Fire watch tower on North Chalone Peak
Entrance and stretch of South Chalone Peak Trail
Kirk investigated his foot which turned out to have a blister at this point, but with some duck tape it was kept from deteriorating and was alright for most the rest of the day.  We didn't see the trail head to the South Chalone Peak trail, but an old man who had hiked up told us that he believed it was near a gate we had passed a little ways back - the map was vague at this level of detail.  We hiked back to the gate area and sure enough, right at the gate, is a side trail.  (The last stretch of trail to North Chalone is actually a dirt road, whereas the South Chalone Trail is a narrow path).  The South Chalone trail was fairly overgrown.  By this point, we had seen some snow on North Chalone (not bad for being close to noon at 3300 feet within view of the ocean).  South Chalone was in view, and it's North face had plenty of snow.  The trail there began with snow as well, and we could tell that nobody had hiked it yet since there were no footprints.
South Chalone Peak from North Chalon

We hiked the 1.6 miles to South Chalone, which takes drops several hundred (roughly 700 feet) feet lower before climbing up to the peak.  This provided an additional and enjoyable challenge - especially being that everything south of North Chalone that day seemed to be empty of people.  The trail followed the ridge between the two mountains, and then climbed along the North face of South Chalone, where we were able to hike through the snow.  After about 45 minutes, we reached the peak.  Not too surprisingly, but surely enjoyable we found that South Chalone has excellent and unobstructed views South towards San Luis Obispo.  Anything blocked by South Chalone at North Chalone was now viewable, and rolling green hills stretched almost as far south as we could see.  South Chalone was definitely worth it!  NOTE: Hiking to South Chalone in warm or even moderate conditions, especially if the sun is out, can be very dangerous because there is NO water available and it can get much hotter than it looks!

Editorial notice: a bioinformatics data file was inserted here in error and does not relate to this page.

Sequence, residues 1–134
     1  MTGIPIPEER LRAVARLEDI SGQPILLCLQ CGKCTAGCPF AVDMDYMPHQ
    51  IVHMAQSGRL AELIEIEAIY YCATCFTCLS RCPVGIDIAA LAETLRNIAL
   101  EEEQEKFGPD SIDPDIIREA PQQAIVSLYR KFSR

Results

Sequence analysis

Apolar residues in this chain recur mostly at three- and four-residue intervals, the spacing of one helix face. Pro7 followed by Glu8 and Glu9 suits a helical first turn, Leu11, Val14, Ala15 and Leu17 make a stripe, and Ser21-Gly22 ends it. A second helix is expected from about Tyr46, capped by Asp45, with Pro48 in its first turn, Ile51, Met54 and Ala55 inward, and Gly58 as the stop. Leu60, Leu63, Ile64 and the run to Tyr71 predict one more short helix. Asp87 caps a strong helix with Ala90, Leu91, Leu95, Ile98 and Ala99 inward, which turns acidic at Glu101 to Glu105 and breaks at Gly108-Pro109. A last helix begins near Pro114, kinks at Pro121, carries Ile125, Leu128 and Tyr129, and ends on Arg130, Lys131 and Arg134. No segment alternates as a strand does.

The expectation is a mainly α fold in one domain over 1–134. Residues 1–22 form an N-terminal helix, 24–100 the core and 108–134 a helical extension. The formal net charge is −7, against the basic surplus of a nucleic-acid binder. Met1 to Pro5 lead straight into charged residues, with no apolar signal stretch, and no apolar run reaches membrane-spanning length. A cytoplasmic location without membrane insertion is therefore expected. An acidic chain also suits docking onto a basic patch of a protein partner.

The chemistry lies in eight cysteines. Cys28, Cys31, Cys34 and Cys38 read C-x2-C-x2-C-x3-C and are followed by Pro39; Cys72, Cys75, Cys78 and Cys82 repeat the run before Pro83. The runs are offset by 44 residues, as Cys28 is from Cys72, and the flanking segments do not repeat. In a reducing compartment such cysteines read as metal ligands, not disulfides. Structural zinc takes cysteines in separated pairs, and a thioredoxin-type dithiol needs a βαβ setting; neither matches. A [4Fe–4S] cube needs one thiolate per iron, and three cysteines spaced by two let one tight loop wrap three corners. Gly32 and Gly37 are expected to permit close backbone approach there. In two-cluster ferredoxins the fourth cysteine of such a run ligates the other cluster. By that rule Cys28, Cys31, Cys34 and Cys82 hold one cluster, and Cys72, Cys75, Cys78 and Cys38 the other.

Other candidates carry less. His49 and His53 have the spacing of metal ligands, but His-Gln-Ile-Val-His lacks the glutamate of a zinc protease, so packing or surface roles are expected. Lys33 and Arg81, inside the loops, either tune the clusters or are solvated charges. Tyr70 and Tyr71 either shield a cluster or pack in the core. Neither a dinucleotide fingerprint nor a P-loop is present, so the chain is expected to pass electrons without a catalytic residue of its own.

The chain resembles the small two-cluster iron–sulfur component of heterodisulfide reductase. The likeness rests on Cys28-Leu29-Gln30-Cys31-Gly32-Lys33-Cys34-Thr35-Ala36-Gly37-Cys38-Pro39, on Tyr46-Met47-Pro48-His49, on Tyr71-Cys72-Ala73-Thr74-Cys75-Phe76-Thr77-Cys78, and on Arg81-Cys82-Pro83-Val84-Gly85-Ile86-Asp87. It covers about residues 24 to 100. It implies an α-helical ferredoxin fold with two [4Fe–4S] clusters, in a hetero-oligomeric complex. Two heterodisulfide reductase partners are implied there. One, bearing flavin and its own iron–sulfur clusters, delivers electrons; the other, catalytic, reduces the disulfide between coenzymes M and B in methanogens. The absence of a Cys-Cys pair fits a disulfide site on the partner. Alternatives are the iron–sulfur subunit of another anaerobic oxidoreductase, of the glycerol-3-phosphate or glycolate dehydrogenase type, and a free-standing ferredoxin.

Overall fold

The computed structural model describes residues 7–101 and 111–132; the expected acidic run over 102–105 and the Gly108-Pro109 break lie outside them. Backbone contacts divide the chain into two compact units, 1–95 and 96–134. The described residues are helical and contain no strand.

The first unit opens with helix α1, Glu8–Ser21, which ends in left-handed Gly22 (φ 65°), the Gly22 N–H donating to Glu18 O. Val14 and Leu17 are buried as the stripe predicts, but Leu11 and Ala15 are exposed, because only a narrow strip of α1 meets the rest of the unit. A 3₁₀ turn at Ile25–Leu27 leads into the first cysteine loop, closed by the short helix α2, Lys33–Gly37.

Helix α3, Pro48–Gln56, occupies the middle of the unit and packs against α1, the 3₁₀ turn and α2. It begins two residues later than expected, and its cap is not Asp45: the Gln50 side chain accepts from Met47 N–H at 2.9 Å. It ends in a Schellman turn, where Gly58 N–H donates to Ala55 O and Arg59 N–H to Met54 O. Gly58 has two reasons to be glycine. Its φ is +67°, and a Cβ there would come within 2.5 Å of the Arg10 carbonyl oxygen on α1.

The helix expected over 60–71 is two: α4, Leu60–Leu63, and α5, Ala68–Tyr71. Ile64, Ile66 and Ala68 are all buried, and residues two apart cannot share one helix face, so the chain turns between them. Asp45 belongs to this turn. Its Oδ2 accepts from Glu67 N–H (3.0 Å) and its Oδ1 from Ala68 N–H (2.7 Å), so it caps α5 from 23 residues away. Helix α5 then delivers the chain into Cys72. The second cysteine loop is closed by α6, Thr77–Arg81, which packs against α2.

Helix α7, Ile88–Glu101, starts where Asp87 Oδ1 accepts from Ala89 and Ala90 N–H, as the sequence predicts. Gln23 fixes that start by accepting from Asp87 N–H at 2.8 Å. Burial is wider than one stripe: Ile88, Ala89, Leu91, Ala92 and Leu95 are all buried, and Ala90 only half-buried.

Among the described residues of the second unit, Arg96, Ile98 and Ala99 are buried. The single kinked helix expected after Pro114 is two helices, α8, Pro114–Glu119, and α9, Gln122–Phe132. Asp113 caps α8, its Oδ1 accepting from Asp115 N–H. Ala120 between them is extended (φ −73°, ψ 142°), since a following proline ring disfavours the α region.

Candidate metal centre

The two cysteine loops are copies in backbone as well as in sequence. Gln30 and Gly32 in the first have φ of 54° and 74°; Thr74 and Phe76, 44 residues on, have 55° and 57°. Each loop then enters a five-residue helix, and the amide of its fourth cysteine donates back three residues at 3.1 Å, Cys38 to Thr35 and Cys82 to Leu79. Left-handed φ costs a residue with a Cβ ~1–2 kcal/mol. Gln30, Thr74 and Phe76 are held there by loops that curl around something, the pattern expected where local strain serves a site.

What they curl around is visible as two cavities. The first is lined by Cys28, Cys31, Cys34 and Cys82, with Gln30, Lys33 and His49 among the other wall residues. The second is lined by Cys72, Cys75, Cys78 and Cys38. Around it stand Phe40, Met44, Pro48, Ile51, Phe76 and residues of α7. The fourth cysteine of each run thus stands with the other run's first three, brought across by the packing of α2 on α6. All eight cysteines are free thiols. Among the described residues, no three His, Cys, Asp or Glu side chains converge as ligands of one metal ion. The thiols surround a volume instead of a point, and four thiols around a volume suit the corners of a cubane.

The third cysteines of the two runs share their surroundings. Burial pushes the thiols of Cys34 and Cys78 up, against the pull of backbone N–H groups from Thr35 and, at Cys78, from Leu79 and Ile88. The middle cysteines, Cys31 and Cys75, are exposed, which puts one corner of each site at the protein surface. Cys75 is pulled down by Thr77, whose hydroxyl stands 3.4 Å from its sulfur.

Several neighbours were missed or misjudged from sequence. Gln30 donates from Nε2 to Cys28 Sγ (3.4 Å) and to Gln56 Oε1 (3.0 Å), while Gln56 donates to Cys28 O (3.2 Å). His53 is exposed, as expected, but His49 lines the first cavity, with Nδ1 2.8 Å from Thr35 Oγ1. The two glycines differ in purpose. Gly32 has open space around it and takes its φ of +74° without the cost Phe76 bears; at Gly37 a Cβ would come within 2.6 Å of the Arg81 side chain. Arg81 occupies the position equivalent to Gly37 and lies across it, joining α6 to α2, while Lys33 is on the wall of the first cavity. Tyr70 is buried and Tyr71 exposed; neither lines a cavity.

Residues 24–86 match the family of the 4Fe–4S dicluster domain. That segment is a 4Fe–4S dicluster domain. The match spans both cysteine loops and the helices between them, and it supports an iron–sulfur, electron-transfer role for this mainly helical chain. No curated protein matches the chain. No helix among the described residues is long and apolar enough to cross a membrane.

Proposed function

View South from South Chalone - Actual view not given justice here.
During this hike, we discussed a future hike in which we would hike to South Chalone during a full moon later in the year.

View looking North/East from South Chalone trail
The hike back went well, and all the way down to Bear Gulch Reservoir we made great pace - sometimes jogging.  A few folks had hiked to North Chalone and on our way back, we saw at least 10 people or more.  When we reached close to Bear Gulch Reservoir, there were a lot more people relaxing.  Almost all had likely climbed around the caves, since the caves were flooded.  Kirk and I both removed our shoes this time for the underwater portion and made it through.  Several lesser prepared types were trying to make it in or through, and were messing around, but at least they were having fun.  We left the North end of the caves, and hiked back to the car, passing several groups.  By this time in the day, even on a very cold Sunday, there were plenty of cars parked at the Bear Gulch Visitor Center area.

We drove back to the camp store, where we picked up some additional wood, and made it back to camp.  Luckily this time it was both dry and light out, so we were able to relax a bit at camp finally.  The bathrooms, will unlit and cold, were fairly well maintained.  Just like the night before, we started up a big fire, cooked Idahoan Mashed Potatoes with veggies and also Campbell's Beef chunky stew - it was bomb after a day like that.

- Somewhere around midnight I woke up to the sound of Coyotes howling.  There sounded like close to 10 in the group, which was somewhere in the direction of the camp store.  It was fun to be woken to that and listen for a bit, and by the time I thought to and grabbed my camera to record their sound, they stopped abruptly.  As soon as their echo dissipated, I could hear more coyotes howling in valleys farther away.

Monday - by Monday morning, Kirk's feet were pretty well beat and both of us were sore after 21 miles of hiking the past two days.  We were determined to accomplish another, more symbolic goal.  To match the length of this years hopeful Mt. Whitney climb, we needed 1 more mile to reach 22 total.

We packed up all of our camp - tents and all - and drove back to Bear Gulch Visitor's Center where we parked at and hiked up Condor Gulch Trail to the overlook (check the map).  This was maybe 2.5 miles round trip.  It made for a great morning hike, and the views of the valley going up were awesome.  It had some very cool rock formations.  At the overlook, just below it were flowing pools of water that probably only flow for a handful of days each year - including that day.

All in all, the trip was a success.  Only shortcoming was that we wanted to hike a few more trails.  To call Pinnacles officially Conquered, we are going to return and hike the North Wilderness Trail that occupies the North quarter of the park - a loop that is no less than 9 miles from car back to car.  After this, and maybe another climb of High Peaks, we will consider Pinnacles completed by Stones and Bones!